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Reviewed by:
  • The Ends of Performance
  • Ann Daly
The Ends of Performance. Edited by Peggy Phelan and Jill Lane. New York: New York University Press, 1998; pp. xi + 372. $55.00 cloth, $18.95 paper.

Anthologies rank among the weaker breed of book. Most display the relics of some conference, and the rest cater to classroom sales; rarely does one stake out new territory. Although this anthology does stem from a conference—the First Annual Performance Studies Conference (1995), entitled “The Future of the Field—Peggy Phelan, conference organizer and editor has staged on these pages an ambitious disciplinary intervention, beginning with her pointedly argued introduction and continuing with twenty essays and performance texts.

Phelan rejects the genealogy of Performance Studies as a field beget from the marriage of Richard Schechner’s theatre and Victor Turner’s anthropology (even though this is the history Schechner tells in the volume’s final essay). She is “suspicious” of their “faith” in vision as potentially omniscient. “Theirs was the work that first framed the field for me,” she explains, “but it was other work that [End Page 95] sustained me and provoked me to write. This anthology is an attempt to highlight some of that work, to explain why I think these ‘points of contact’—to take up Schechner’s inviting phrase—can sustain the field in the next century” (4). Robert Sember’s essay on the “infected vision” of David Wojnarowicz, for example, investigates the connection between vision and death; Jon McKenzie rereads Judith Butler by way of Schechner and Turner.

According to Phelan, theatre anthropology has been eclipsed, and “we must begin to imagine a post-theatrical, post-anthropological age” (5). She initiates this future by reinscribing the past. Schechner’s foundational theory of restored behavior—the past subjunctive that drives the future indicative—is rewritten as Freud’s nachträglichkeit, “the retrospective account that reinterprets the past in such a way that what had been repressed by the unconscious can be joined with consciousness” (6). With this move, Phelan makes her paradigm shift: space, the site of the theatron, the place of seeing, is replaced by time, the phantasmagoric site, the moment of repetition with a difference. Such repetition is theorized by Joseph Roach, who explores “the [historian’s] desire to communicate physically with the past, a desire that roots itself in the ambivalent love of the dead” (23). And the performance artist Orlan, whose surgical repetitions of historical female images critique contemporary art and consumer culture, offers further theorization.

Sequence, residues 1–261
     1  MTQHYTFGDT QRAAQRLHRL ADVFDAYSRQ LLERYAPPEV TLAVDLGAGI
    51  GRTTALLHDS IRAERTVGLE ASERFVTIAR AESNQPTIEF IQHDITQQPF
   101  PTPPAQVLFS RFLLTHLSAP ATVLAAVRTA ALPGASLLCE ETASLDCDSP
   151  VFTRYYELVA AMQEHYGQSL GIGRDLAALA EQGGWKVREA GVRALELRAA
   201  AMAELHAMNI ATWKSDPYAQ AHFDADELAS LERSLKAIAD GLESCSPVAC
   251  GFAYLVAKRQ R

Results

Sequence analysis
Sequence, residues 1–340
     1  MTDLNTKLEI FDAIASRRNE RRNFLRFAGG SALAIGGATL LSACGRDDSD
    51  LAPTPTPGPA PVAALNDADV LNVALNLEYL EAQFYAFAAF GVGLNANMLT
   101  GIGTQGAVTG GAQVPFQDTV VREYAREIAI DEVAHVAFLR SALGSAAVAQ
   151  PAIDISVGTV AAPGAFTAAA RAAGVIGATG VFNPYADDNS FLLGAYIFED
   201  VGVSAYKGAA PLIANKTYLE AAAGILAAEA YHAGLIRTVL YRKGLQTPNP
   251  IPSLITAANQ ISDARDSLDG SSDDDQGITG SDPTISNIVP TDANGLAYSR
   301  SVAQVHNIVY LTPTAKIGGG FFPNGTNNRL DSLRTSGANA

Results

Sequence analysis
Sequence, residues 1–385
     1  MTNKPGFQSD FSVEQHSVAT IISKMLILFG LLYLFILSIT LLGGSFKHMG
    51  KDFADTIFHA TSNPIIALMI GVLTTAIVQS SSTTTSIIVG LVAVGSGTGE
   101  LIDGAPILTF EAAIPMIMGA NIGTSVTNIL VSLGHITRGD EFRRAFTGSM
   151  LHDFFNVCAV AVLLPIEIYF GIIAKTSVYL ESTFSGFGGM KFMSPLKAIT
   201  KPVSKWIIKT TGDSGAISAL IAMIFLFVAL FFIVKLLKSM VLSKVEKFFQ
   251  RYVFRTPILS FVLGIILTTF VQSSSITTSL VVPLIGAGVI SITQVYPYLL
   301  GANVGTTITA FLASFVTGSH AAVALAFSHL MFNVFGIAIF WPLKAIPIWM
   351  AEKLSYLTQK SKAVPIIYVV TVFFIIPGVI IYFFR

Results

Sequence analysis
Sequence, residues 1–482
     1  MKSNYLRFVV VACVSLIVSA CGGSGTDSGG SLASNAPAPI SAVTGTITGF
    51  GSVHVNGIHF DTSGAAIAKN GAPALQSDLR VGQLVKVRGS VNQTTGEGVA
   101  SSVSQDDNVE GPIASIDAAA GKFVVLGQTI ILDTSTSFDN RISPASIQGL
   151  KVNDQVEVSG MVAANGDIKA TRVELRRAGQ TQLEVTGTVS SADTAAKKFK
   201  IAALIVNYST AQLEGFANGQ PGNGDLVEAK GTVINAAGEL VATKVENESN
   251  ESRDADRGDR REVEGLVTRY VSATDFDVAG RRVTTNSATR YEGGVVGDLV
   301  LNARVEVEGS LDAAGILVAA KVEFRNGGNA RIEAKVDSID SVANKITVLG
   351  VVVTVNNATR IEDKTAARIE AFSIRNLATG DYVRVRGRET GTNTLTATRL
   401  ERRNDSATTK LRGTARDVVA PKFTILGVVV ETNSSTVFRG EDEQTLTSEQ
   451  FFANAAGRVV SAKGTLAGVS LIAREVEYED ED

Phelan’s project is intensely personal: “Looking at performance and writing about those visions are the means by which I approach my truest ends—to love what rationalism says is phantasmatic, to imagine and realize, however tentatively and momentarily, a world elsewhere” (5). Her vision is projective, and her “faith” is in the talking cure of psychoanalysis, toward which she strains impatiently: “[I]n the rehearsing of the event that has passed, the analyst and the analysand learn how to play the past when it happens again in the future. Performance studies as a discipline has, until recently, been in the first part of this process: the careful recitation of the facts of the event. It is only recently that the field has given sharper attention to curative interpretations, to the affective and ideological consequences of performance events. It is these consequences that the essays in this volume articulate. Such interpretations, which are always reinterpretations, are also what I most hope will become the future of the field and the truest end of performance—truest in the sense that they help us move past the time of diagnosis and bring about, enact, give us the time of the cure” (7).

This volume does not traffic in the now-reified discourse of identity politics. Instead, it offers us Amanda Denise Kemp’s “This Black Body in Question,” a performance text that uses performance “both as a way of knowing and as a way of showing” (116). Deb Margolin’s “Of Mice, Bugs and Women” is an exquisite performance text about transformation, writing, and compassion (“And yet, it haunts me . . . Who are we at the moment we choose to ignore the presence...

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